Published: Mon, June 11, 2018
Global Media | By Garry Long

Trump Continues Obama's Pursuit of Leakers by Snooping on Media Contacts

Trump Continues Obama's Pursuit of Leakers by Snooping on Media Contacts

He is accused of making false statements to a government agency.

A former employee of the Senate intelligence committee appeared before a federal court in Maryland Friday after being arrested for lying to the FBI about contacts with multiple reporters.

Wolfe was charged with three counts of making false statements during an investigation of "the unauthorized disclosure of information, " which was endorsed by the entirety of the Senate. He worked closely with both Democrats and Republicans on the committee.

Attorney General Jeff Sessions said past year that the DOJ was aggressively pursuing around three timx as many leak investigations as were open at the end of Obama's second term - while Obama's DOJ prosecuted more leaks than all previous administrations combined.

Wolfe, 57, made misleading statements to agents when they asked him about his previous contacts with several reporters, including one he had a personal relationship with between 2013 and 2017.

Wolfe "used his personal cell phone, his [Senate Intelligence Committee]-issued electronic mail account, and anonymizing messaging applications, including Signal and WhatsApp, to exchange electronic communications with reporters", prosecutors allege in the indictment. President Trump and Attorney General Jeff Sessions have decried such disclosures, and announced a sharp increase in leak investigations. The newspaper said Watkins was approached by the Federal Bureau of Investigation about a three-year relationship she had had with Wolfe when she worked at other publications.

Wolfe will be processed Monday morning at the FBI's Washington field office, and appear at a hearing on the charges in US District Court for the District of Columbia on Tuesday, Coulson ordered. "After WOLFE stated that he did not know about REPORTER #2's sources", the indictment reads, "FBI agents confronted WOLFE with pictures showing WOLFE together with REPORTER #2". Though it doesn't say so explicitly, the indictment does suggest that the Wolfe investigation was launched after officials noticed classified information was being given to members of the press, NBC News reported.

Matthew Miller, the former chief spokesman for the Department of Justice under attorney General Eric H. Holder Jr., who had dramatically increased the number of leak investigations over prior administrations, said the department "went too far", in leak investigations, but that Holder then "put safeguards in place to prevent this from happening, except in the most exceptional cases". Burr and Warner added that the Wolfe case will "in no way" interfere with the committee's ongoing probe into Russia's interference in the 2016 USA election.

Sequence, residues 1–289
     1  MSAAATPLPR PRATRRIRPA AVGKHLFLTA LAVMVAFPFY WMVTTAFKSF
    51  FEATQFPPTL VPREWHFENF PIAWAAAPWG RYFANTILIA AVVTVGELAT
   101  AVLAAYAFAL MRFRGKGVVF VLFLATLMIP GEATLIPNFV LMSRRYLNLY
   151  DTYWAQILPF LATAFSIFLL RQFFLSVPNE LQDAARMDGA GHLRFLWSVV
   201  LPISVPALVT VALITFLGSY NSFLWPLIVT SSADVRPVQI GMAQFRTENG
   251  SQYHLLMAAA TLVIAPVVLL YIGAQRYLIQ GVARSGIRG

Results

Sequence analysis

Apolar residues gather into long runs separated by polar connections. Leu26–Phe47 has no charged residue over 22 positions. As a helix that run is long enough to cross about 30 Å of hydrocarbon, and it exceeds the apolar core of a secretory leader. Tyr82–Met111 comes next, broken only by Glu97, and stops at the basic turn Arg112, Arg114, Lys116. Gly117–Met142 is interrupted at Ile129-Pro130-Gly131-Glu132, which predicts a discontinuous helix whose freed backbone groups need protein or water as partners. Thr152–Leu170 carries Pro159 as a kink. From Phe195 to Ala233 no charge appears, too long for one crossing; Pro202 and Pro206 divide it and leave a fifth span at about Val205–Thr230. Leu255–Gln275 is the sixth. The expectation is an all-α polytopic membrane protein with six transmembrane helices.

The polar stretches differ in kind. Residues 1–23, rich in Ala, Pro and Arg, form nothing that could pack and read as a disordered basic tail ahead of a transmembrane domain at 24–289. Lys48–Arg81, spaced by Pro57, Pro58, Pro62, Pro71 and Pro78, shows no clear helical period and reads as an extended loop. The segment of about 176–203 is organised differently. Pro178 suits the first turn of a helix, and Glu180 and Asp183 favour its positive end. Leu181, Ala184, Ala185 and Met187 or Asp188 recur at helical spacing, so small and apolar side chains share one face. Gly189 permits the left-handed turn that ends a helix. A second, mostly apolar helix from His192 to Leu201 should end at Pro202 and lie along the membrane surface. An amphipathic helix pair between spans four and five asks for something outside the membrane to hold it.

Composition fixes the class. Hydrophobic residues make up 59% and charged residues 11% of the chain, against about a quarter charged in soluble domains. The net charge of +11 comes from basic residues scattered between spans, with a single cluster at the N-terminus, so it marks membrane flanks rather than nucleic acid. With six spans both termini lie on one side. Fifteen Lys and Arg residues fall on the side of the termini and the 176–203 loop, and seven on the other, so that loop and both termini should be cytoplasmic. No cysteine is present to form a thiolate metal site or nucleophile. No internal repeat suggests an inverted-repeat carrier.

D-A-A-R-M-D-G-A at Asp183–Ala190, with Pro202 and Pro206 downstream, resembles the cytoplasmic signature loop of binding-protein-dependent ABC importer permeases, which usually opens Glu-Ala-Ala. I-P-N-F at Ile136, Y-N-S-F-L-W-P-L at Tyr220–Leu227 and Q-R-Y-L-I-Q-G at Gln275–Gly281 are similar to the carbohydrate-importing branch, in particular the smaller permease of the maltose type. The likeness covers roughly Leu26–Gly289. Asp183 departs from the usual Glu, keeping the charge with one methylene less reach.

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Media watchdog groups expressed alarm Friday over the seizing of a journalist's records as part of a probe into intelligence leaks resulting in the indictment of a congressional staffer.

Watkins reportedly had a relationship with Wolfe but claims he was not a source of information.

Wolfe had been the committee's security director for almost 30 years.

It's clear from the context of the indictment that Watkins was the author of one story the FBI was investigating to determine who served as her source or sources.

As part of its Wolfe investigation, investigators secretly seized a New York Times reporter's phone and email records, the newspaper said on Friday. Still, the newspaper criticized it, saying a reporter's communications with sources should be protected.

She added that the Justice Department's actions "will endanger reporters' ability to promise confidentiality to their sources and, ultimately, undermine the ability of a free press to shine a much needed light on government actions". "This should be a grave concern to anyone who cares about an informed citizenry".

Another of Watkins' former employers also faulted the Justice Department's conduct.

Under Obama, the Justice Department subpoenaed the telephone records of AP journalists as investigators pursued a leak.

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